It’s perfectly plausible that you’ve got everything spot on with your current setup to achieve an ideal bounce rate from search engine traffic, but your bounce rate from referral sites is dragging the overall number down. The referral website could be sending unwanted/spam visitors or their link to your site could be masked by misleading copy.
You can reach out and politely ask offending webmasters to remove any suspect links from their site, but if you find you’re not getting anywhere, you’ll want to update your disavow file in Search Console. Disavowing the link won’t reduce your bounce rate, but it will tell Google not to take that link into account when it determines the quality and relevance of your site. Take our advice on this though, you’ll only want to disavow as an absolute last resort – if you can get a conversation going with those serving spotty baclinks, then persist.
6. Single-page sites
If you have a single-page website, e.g. a simple portfolio page or basic product landing page, then it’s fairly common to have a high bounce rate. It sounds obvious, but there’s nowhere else for users to go. Google does a pretty good job of understanding visitor intent, even if their query is answered in a flash. If you’re running a one-page wonder and panicking over a ‘high’ bounce rate, relax – it’s normal.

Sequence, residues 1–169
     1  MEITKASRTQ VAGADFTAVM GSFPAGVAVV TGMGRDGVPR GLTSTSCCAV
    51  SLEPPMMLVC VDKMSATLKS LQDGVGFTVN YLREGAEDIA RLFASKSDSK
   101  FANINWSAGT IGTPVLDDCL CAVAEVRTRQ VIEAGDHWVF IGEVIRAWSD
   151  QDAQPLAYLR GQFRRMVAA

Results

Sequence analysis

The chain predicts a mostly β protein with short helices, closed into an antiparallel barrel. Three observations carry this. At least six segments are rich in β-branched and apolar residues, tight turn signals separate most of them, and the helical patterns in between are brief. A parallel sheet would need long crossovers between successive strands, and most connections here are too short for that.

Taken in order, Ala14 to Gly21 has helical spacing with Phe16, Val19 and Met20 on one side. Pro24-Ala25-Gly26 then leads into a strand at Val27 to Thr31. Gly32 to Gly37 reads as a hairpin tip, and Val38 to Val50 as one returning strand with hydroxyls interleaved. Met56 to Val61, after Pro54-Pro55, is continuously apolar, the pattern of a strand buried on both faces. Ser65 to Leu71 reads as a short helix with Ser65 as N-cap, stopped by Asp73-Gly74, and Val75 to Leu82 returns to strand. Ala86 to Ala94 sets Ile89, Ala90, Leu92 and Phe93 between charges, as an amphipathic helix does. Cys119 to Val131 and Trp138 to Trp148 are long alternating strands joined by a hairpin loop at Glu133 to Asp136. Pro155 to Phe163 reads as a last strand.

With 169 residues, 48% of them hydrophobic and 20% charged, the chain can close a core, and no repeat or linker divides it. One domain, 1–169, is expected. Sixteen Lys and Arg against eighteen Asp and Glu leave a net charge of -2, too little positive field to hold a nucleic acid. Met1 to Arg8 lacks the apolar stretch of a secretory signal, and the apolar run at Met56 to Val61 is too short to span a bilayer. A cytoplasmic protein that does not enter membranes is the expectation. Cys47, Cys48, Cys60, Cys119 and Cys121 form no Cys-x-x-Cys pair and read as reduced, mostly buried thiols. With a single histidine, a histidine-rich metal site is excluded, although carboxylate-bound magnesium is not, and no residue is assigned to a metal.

7. Poor-quality content
Very few of us like to admit it, but not every piece of content hits the mark. Sometimes, users may abandon your site because your copy just isn’t compelling. Take a good look at your pages and try and be as judgmental and honest as you possibly can:
- Is the content strong enough?
- Does it serve multiple queries?
- Are you writing in short, sharp sentences?
- Is the text scannable with loads of well-placed headers, bullet points where necessary?
- Have you included any imagery?
- Does the page prompt them to explore the site once they’ve finished reading?
Writing for the web is complex, but if you can tick all of the boxes above then you’ll be on the right path.
8. Irritating user experience
Are you bombarding users with annoying ads, pop-up surveys and subscribe buttons that linger over content?
Overloading a page with calls-to-action may seem like a good idea in principal, but using too many of them can be a huge turn off.
9. Misguided navigation
Is your site confusing to navigate? Perhaps visitors are looking for more content, but you’re missing a crucial search box or menu items are difficult to click/tap.
As a site owner, it’s important that you know your website in and out. What seems intuitive to you may be confusing for your users.
10. Skewed Google Analytics setup
Finally, it’s possible that you haven’t properly implemented Google Analytics and added the tracking code to all the pages on your site. Google explains how to fix that here.
Hopefully, this post helps you diagnose what’s causing your high bounce rate, and you have a good idea how to fix it. If you’re still struggling, contact us, and we’ll help you out of the rut.